What is ubiquitous computing

Ubiquitous Computing

Term and synonyms

In contrast to the classic desktop paradigm, in which a single user consciously uses a certain end device for a specific purpose, in ubiquitous computing the use shifts to many digital end devices and systems, which are simultaneously and seamlessly integrated into everyday activities without each other the user is necessarily aware of this. Due to its ubiquity, the computer disappears from the user's perception, the focus changes from an explicit to an implicit use of information technology.

Due to the close coupling of information technology and everyday activities, ubiquitous computing is an interdisciplinary research area from (business) computer science, sociology, and perceptual and social psychology.

The term “Ubiquitous Computing” or “UbiComp” for short was coined and published in 1988 by Mark Weiser during his work at the Xerox Palo Alto Research Center (PARC) together with John Seely Brown [Weiser, 1991].

In industry terms, the terms “pervasive computing” and “ambient intelligence” are synonymous with ubiquitous computing. Researchers at MIT MediaLab coined the concept of the “Internet of Things”, Adam Greenfield of Nokia Research introduced the term “everyware” in 2006 [Greenfield, 2006]. All concepts are closely related or synonymous.

Basic technologies

Ubiquitous Computing does not have the development of new basic technologies in the research focus. Ubiquitous Computing combines existing technologies and brings them to use in business and private environments.

The basic technologies used can be divided into four upper classes:

(1) sensors and actuators. Mechanical, electrical and optical actuators and sensors are used here. If sensors detect everything that can be measured, actuators generate everything that can either be measured or perceived by users.

(2) Auto-ID systems. Auto-ID systems based on e.g. RFID or NFC technologies play a major role in supply chain and inventory management. They enable the automatic identification of one or more objects equipped with identification tags (tags) at the same time, at high speed and without visual contact. Auto-ID systems are used on the one hand to identify objects, but can also be used to determine the relative position of objects.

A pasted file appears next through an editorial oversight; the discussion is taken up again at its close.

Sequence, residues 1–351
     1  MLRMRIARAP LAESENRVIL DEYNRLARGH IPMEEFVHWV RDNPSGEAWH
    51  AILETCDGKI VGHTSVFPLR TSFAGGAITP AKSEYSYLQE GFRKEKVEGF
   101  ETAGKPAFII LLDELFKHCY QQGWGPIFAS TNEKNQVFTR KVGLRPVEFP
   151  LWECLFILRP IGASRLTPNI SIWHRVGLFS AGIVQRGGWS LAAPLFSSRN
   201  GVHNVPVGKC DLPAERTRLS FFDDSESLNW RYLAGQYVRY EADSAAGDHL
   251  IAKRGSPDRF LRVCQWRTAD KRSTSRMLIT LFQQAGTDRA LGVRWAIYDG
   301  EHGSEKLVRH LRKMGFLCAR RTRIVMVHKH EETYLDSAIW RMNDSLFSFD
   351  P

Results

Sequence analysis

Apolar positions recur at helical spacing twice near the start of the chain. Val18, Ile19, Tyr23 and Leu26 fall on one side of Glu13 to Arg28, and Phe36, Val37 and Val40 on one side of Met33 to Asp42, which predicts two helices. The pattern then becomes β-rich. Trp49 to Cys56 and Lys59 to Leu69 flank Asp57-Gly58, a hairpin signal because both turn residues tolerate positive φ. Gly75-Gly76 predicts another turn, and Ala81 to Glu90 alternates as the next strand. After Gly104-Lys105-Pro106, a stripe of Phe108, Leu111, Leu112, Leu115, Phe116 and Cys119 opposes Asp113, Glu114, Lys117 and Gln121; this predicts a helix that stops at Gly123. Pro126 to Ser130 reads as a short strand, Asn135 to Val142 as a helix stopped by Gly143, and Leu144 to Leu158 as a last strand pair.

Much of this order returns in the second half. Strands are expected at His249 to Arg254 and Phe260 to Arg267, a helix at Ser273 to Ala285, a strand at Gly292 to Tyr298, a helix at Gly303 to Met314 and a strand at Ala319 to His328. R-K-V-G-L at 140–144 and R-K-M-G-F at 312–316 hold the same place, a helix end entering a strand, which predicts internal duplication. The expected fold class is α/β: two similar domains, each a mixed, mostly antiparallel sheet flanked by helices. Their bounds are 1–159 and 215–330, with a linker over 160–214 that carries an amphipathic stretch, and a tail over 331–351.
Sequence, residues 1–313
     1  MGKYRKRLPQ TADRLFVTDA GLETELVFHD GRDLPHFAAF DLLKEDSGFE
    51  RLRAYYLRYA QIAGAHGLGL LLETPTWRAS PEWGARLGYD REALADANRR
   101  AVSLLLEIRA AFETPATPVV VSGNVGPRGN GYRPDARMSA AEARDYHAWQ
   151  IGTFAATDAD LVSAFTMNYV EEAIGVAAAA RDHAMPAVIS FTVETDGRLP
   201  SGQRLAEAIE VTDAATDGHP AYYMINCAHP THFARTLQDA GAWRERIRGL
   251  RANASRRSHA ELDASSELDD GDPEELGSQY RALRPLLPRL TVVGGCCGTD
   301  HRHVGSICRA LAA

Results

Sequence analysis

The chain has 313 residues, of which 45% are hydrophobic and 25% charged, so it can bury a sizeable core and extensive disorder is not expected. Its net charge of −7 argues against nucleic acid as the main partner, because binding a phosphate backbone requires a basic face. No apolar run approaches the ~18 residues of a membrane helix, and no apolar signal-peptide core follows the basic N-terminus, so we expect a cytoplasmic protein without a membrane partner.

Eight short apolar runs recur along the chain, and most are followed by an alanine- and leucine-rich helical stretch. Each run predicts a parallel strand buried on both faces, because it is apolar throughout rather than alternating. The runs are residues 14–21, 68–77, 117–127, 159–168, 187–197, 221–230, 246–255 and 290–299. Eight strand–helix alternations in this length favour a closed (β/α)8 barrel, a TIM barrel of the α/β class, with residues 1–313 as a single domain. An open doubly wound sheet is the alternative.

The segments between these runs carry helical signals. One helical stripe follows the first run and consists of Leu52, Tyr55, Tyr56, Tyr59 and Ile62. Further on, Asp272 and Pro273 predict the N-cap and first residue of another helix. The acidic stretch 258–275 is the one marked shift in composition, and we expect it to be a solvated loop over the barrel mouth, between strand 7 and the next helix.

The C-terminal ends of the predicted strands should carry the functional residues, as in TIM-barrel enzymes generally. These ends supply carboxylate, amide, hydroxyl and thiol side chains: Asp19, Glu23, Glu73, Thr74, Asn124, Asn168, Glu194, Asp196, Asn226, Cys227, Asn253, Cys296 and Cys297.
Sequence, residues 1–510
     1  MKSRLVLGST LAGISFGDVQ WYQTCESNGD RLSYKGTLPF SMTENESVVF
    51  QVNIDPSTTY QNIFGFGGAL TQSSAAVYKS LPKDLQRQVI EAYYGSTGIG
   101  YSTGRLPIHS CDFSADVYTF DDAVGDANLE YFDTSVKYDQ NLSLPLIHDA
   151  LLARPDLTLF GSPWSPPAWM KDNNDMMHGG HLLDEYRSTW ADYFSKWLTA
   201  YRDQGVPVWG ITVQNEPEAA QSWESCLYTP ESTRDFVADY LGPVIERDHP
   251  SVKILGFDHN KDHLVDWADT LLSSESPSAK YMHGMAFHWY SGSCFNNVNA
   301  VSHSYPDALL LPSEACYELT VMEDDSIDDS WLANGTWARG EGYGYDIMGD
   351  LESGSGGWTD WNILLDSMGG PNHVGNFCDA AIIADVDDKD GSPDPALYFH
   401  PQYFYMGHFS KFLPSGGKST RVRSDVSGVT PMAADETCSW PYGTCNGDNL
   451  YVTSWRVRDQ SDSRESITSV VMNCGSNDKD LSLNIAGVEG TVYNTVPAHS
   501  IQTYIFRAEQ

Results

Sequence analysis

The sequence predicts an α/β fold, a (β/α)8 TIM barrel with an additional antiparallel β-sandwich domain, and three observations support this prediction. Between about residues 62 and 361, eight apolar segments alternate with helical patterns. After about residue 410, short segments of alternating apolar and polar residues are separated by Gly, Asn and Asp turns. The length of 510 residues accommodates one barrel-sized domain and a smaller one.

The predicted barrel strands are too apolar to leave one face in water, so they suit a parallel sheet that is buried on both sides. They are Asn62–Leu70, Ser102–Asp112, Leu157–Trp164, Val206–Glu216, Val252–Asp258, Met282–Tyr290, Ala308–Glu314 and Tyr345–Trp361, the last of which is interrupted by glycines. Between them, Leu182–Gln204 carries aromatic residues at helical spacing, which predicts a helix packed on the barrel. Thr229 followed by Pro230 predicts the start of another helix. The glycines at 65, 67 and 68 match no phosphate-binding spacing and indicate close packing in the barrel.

(3) positioning systems. The “location” dimension plays a major role in ubiquitous computing. Common positioning technologies are GPS, GSM and WLAN triangulation, but also relative methods using Auto-ID systems. By recording the position, location-based services can be offered. Location-based services are an important application class in mobile or ubiquitous computing.

(4) wireless networks. Wireless networks enable the users' end devices to communicate with one another, but also to allow end devices to communicate with the sensor network embedded in the user environment. Wireless network technologies enable the ad-hoc establishment of complex networks of sensors and actuators without complex cabling. They guarantee the greatest possible mobility of the end devices and thus also of the users. Established wireless technologies are: 802.11 (WLAN), Bluetooth, GPRS, EDGE, UMTS, and HSDPA.


Areas of application for ubiquitous computing are logistics, supply chain management, SmartHome and SmartOffice, augmentation, knowledge management, security and emergency management, medicine and entertainment.


The embedding of information technology in everyday objects and practices enables the design of new interaction modalities that go beyond the possibilities of established input and output methods.

Proven requirements analysis and development methods must be supplemented by participatory methods, taking into account the everyday reality of the users, in order to avoid negative interferences between proven everyday practices and information technologies. In particular, the balance between adaptivity (automatic adaptation to user needs) and adaptability (system adaptations by users) of ubiquitous systems is an important acceptance resource. Customizable context awareness and options for the ad-hoc establishment of UbiComp environments enable users to participate in the design process at the time of use.

Publication media and conferences

Important publication media in the field of ubiquitous computing are:

(1) Journal on Personal and Ubiquitous Computing

(2) IEEE Pervasive Computing Journal

(3) International Conference on Ubiquitous Computing

(4) International Conference on PervasiveScientific American, Computing

(5) International Conference on Computer-Human Interaction CHI

(5) MobileHCI Conference


Greenfield, Adam: Everyware: The Dawning Age of Ubiquitous Computing. New Riders Press 2006.

Weiser, Mark: The computer for the 21st century. Scientific American, 265 (1991), No. 3, pp. 94-104.



Prof. Dr. Volkmar Pipek, University of Siegen, Institute for Information Systems, Hölderlinstr. 3, 57068 Siegen

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